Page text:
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 You are in: Secretary of State Condoleezza Rice > What the Secretary Has Been Saying > 2005 Secretary Rice's Remarks > March 2005: Secretary Rice's Remarks

Interview With Jonathan Karl of ABC's World News Tonight

Secretary Condoleezza Rice
Kabul, Afghanistan
March 17, 2005

(1:40 p.m. EST)

MR. KARL: Thank you for taking the time for this interview.

President Musharraf recently said that about eight to ten months ago they came very close to getting Usama bin Laden. What was he talking about?

SECRETARY RICE: I don't know the specific circumstances to which you are referring. I read the report as well.

We are going to continue the hunt for Usama bin Laden, and I think there will probably be times when we're closer and times when we're further away; but the point is that his world has gotten smaller. He can't operate in Afghanistan. He's having more and more trouble -- al-Qaida is, operating along the northwest frontier because the Pakistanis are now fighting there in ways that they were not.

And it is also important not just to focus on Usama bin Laden, but of course on the field generals that have been put out of commission, like Khalid Sheikh Mohammed and Abu Zabaida and others. So, this is a network, it’s an organization that has to be brought down, its financing has to be cut off, whose territory has to be made smaller for operations. Eventually, I'm quite certain that we will get Usama bin Laden; but my own view is that until we do, there's really no point in talking about whether we have or have not come close to getting him.

MR. KARL: So does it not matter much any more if you already have caught these field generals? Does it matter?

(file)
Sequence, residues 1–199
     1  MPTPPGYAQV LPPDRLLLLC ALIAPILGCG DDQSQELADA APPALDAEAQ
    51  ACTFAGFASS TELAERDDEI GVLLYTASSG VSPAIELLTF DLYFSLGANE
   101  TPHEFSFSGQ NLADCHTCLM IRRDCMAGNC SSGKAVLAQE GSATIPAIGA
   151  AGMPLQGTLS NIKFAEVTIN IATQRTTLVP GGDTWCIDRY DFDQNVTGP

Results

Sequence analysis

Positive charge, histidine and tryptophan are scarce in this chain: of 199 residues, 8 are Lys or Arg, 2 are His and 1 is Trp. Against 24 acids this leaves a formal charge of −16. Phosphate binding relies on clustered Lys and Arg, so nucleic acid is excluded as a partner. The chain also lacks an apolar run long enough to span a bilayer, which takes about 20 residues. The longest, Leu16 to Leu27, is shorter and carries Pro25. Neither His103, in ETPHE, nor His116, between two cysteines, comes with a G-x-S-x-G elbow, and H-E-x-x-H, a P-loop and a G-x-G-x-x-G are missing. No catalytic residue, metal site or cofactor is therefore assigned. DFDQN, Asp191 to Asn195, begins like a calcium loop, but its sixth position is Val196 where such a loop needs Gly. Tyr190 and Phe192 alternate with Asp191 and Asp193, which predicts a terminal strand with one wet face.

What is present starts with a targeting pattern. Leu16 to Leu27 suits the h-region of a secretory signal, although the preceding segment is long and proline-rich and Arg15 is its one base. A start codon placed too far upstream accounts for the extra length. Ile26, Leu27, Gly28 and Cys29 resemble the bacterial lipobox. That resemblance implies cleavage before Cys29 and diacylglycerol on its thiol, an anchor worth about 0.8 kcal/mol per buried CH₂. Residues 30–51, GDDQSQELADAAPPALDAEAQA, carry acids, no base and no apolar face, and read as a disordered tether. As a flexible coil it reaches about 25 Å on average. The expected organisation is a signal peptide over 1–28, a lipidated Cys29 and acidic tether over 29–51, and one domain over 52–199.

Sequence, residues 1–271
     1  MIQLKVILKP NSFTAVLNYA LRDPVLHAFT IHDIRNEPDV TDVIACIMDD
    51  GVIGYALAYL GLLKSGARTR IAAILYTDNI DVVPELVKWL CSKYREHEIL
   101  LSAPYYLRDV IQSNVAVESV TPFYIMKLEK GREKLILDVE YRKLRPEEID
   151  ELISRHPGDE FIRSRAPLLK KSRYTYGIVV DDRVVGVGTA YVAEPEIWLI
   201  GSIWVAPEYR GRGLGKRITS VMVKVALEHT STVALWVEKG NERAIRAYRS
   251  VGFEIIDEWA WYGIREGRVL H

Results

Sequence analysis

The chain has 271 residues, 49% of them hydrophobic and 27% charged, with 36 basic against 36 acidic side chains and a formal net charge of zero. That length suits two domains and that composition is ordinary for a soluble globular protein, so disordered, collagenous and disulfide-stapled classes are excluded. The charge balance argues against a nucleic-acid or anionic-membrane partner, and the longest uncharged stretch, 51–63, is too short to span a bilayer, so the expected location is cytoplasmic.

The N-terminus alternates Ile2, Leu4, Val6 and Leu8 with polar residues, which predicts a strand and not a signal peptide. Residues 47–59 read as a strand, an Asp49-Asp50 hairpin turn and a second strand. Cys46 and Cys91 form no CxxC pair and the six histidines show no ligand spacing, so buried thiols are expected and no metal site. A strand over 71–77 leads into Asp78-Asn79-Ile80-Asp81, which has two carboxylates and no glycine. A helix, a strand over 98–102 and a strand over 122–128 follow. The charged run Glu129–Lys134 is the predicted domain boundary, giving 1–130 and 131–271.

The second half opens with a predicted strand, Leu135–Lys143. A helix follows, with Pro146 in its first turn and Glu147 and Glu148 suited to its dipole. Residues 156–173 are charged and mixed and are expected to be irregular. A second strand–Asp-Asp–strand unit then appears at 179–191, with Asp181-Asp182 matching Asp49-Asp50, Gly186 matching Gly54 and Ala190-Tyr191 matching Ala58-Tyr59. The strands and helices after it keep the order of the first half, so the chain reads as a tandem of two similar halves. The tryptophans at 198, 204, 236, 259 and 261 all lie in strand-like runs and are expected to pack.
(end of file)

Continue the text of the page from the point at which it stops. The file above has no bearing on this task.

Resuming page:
SECRETARY RICE: Of course it matters. But I remember, Jon, very early on when the President made that first speech to the Congress, that we talked about the fact that we shouldn't use Usama bin Laden's name too much; and I think it was only used once in that speech because we wanted to make the point that while of course he is an important symbol of the organization -- in fact, at some point probably had a lead operational role -- that what we wanted to do was to make al-Qaida ineffective: the organization, its networks, its tentacles into different parts of the world.

And if you look at today, as opposed to more than three years ago, you have a worldwide net of intelligence and law enforcement that is breaking up al-Qaida in many, many countries of the world. So it's not that we wouldn't want to get Usama bin Laden -- I really look forward to the day when that phone call comes; but it does mean that there is more work to be done than just the capture of Usama bin Laden.

MR. KARL: So you agree with President Musharraf when he says the trail hasn't grown cold?

SECRETARY RICE: Jon, I don't -- I don't really know how to judge that. The intelligence operation, our allies, like Pakistan, are constantly in search of him. But the point here is that as much as we continue to focus on the hunt for Usama bin Laden, the territories in which he can operate, the ability to communicate with his field generals, with his organization, has been severely diminished; and I think we need to focus on that.